By the way, as phenomenologists we also have to bracket the meanings we ascribe to the phenomenon so that we can discover what the experience means for the other. So for example, “humiliation” in this case might have been the “last straw” that led our research participant to quit the football team, or it might have been the shock that spurred him to commit himself completely and become, for the first time, a dedicated team player. If we are phenomenologizing, we are not seeking to validate our own preconceived idea of what humiliation means—we’re seeking to discover what it means for the others.
In listening to our participants we “empathize” in a broad sense: we are interested in the meaning, for them, of what they’ve lived. Of course, this requires care. Yet this does not mean we “agree” with the participant, or affirm (ontologically) their rendition of what they’ve lived. This is another point that is sometimes lost upon beginning students of phenomenology.
Existential psychotherapy provides a useful analogy. As Spinelli has written, in therapy a clinician’s care for the other is expressed, in part, by NOT validating the client’s self-construct and interpretation of lived-events as the only, exclusively correct, and final understandings. Instead, the therapist in a sense “brackets” what he or she hears, simultaneously acknowledging and questioning the other’s reported experience—and this means potentially challenging the meanings the client has previously ascribed to given events.
In research, by analogy, we are not committed to ontologically affirming the participant’s account of what they have lived, but we are deeply interested in the meaning for the participant of what he or she has lived. Having interviewed multiple participants regarding their experience of a given phenomenon, we’re seeking to discover an essential psychological structure of that phenomenon. Far from erasing the individual human person, we are valuing him or her not in idiosyncratic isolation, but as members of an intersubjective community—an encompassing community of meaning. Our attitude as researchers is a mode of empathy: we value the psychological meaningfulness of the other’s experience regardless of the “facts of the matter.”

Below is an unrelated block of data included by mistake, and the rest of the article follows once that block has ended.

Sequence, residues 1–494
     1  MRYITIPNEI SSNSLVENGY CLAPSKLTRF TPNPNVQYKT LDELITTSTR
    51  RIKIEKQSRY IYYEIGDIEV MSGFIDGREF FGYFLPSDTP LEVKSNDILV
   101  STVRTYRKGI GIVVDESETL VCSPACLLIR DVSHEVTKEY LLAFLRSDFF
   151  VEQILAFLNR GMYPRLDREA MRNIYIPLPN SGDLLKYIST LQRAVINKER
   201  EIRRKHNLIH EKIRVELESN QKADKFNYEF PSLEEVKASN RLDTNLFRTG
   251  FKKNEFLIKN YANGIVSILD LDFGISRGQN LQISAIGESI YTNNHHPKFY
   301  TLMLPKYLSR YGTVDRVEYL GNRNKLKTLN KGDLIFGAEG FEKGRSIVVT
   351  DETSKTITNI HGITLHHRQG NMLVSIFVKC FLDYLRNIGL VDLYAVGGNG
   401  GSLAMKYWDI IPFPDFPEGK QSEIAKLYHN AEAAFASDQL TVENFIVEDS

Years ago while working with schizophrenic clients, I learned to bracket the facticity of what was being reported to me. I recall a client who described being haunted by the ghostly apparitions of her neighbors, floating through the walls to verbally abuse her. In order to acknowledge the meanings of these experiences for her, to be present and dialogue with her about what she was living, I relied upon my knowledge of phenomenological bracketing and the epoché. This reliance freed me from the impoverishing injunctions of a mental health system that advised us to always narrowly “reality test” and never to “validate the psychotic delusions,” enabling me to acknowledge the meanings of these experiences for her, simultaneously enriching my grasp and practice of phenomenological research. For us, as for therapists, we value the other by seeking to understand what they’ve lived, as it was present for them.